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7 Fun Facts You Didn't Know About Lake Mead

Posted by GrayLineLasVegas on August 2, 2019

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The city of Las Vegas is known for many things, including its bright lights, mega-casinos, restaurants, shows, and epic parties. However, one thing you might not know about Sin City is that it’s surrounding by national and state parks that boast the most stunning scenery and natural beauty. Not what you’d expect when you think about the flashing neon lights of Las Vegas, right?

Lake Mead National Recreation Area is only about 45 minutes from the Las Vegas Strip just outside of Hoover Dam. It’s a striking, sparkling oasis in the middle of the desert that brings some welcome relief to the heat and crowds of the city. If you’ve never had a chance to visit, it’s definitely worth a look the next time you’re in Las Vegas. To entice you even further, here are seven fun facts you may not know about Lake Mead:

1. It's Not Natural 

Interestingly, Lake Mead is not a product of long-ago melting glaciers or underground springs. Before its creation, the area was populated by Native American cultures as far back as 10,000 years ago. Back then, it was a wetter, cooler environment where the Colorado River abundantly flowed.

When Hoover Dam was built, it required that the Colorado River be slowed and rerouted in order to provide a water supply to the developing region. This process filled the surrounding area with water to create Lake Mead.

2. It's Enormous

Lake Mead Recreational Area not only encompasses the lake itself, but it also includes Lake Mohave, Las Vegas Bay, and surrounding lands. All totaled, the entire area covers 1.5 million acres! In addition, like Hoover Dam, Lake Mead stretches across state borders. So, if you're boating along its blue waters, you can cross between Nevada and Arizona several times.

3. It Was the Former Home to Pioneers

In 1865, one year after Nevada became a state, pioneers looking to expand into the unknown territories of the West settled a town on the banks of the Colorado River called St. Thomas. However, it was abandoned in 1938. Eventually, the town's structures were submerged by the growing waters of Lake Mead.

Today, the town is no longer underwater and has been exposed for curious minds to explore. That means visitors to Lake Mead can tour parts of this area that is more than 150 years old.

4. You Can Scuba Dive

It's not your imagination if you've seen Las Vegas hotel guests heading somewhere with scuba gear. Lake Mead has been ranked as one of the top freshwater lakes in the U.S. for scuba diving. It offers several depths and submerged sites for divers to explore. One of these is a B-29 Superfortress bomber from World War II. Keep in mind, though, that people interested in going into this area need to be part of a guided tour.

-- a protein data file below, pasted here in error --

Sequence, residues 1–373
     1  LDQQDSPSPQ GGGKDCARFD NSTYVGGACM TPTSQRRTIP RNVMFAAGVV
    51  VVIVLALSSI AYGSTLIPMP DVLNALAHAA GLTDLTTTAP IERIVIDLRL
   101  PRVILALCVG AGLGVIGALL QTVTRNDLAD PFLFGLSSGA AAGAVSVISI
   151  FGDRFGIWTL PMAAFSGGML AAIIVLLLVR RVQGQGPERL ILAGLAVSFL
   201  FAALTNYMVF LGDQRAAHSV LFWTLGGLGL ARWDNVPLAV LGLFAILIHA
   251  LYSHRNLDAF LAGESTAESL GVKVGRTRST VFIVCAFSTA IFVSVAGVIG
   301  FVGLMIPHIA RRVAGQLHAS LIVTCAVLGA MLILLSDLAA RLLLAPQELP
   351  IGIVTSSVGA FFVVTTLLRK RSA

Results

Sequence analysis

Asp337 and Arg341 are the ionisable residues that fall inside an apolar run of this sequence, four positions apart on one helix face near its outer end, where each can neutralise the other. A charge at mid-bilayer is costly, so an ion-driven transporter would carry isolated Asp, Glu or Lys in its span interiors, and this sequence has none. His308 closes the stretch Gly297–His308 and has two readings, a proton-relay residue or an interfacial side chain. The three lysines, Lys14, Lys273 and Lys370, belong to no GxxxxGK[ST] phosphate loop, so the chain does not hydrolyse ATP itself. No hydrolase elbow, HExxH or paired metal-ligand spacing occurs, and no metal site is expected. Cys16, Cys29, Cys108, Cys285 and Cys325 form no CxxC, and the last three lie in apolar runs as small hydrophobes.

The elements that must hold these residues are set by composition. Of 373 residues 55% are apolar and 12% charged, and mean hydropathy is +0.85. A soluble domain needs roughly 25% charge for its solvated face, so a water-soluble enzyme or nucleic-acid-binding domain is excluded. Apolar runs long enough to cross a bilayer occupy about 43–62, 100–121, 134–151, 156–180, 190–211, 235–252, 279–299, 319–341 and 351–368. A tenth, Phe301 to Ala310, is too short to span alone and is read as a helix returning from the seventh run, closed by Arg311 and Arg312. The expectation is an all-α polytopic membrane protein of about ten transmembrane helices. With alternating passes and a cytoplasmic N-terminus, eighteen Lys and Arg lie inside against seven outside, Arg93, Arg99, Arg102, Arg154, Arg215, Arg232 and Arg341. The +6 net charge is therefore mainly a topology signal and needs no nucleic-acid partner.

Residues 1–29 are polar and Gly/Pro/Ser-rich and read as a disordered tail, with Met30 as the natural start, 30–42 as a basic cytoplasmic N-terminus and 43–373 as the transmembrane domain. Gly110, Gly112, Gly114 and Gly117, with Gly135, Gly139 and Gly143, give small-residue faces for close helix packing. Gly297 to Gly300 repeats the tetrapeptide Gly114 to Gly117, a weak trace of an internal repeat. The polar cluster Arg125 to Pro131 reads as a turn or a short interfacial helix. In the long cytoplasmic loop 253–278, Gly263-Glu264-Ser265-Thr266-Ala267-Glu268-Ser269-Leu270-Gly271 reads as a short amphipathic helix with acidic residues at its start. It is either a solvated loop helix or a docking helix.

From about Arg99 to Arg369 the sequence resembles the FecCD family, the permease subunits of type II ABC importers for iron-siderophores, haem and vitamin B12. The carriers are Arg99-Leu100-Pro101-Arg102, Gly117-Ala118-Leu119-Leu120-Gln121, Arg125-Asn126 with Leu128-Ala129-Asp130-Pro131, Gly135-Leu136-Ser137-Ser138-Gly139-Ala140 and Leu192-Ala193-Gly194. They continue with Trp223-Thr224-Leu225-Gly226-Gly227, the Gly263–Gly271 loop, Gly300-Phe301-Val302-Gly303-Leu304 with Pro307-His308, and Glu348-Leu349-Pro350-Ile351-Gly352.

5. It's a Boating Paradise

People don't think of Las Vegas as a location for water sports. Yet, with its restaurants and rows of boats, Las Vegas Bay Marina feels like something you'd visit in California or Florida. Boats of all sizes cruise the waters of Lake Mead. This includes a Mississippi River-style paddle wheeler that offers various dining and sightseeing packages. And, for those who want to spend more than one day on the lake, houseboats are available for rent.

6. It's a Reservoir

Lake Mead is not just a national park and recreation area. One of the reasons it was created was to supply water for the influx of citizens and visitors to Las Vegas and the surrounding regions, as well as a means of irrigation. So, how does it get its water?

The primary source of water comes from hundreds of miles away. Each year, the Rocky Mountains in Colorado, Wyoming, and Utah experience snowmelt. This water flows into areas of the 1,450-mile Colorado River and gets deposited into Lake Mead. Of course, how much water depends on the amount of snowfall that year. Still, Lake Mead has never been empty since its creation, even during years of drought. 

7. Great Environmental Diversity

Because it's so large, visitors to the area can experience many different environments. For instance, the Boulder Basin is the most recognizable and visited part of the area due to its location near Las Vegas and Henderson. The northern portion of the lake, Overton Arm, is a tranquil area that's home to bald eagles over the winter.

Schedule a Tour to See Lake Mead

Does this all sound intriguing to you? If so, Gray Line Las Vegas provides half- and full-day tours to Lake Mead and Hoover Dam, and will pick guests up directly from their Las Vegas hotels in a luxury air-conditioned motor coach. You can choose to cruise the lake on the paddle wheeler Desert Princess, or even tour the area via helicopter. Contact the Gray Line Las Vegas team or visit the tour section of our website for prices and further information.


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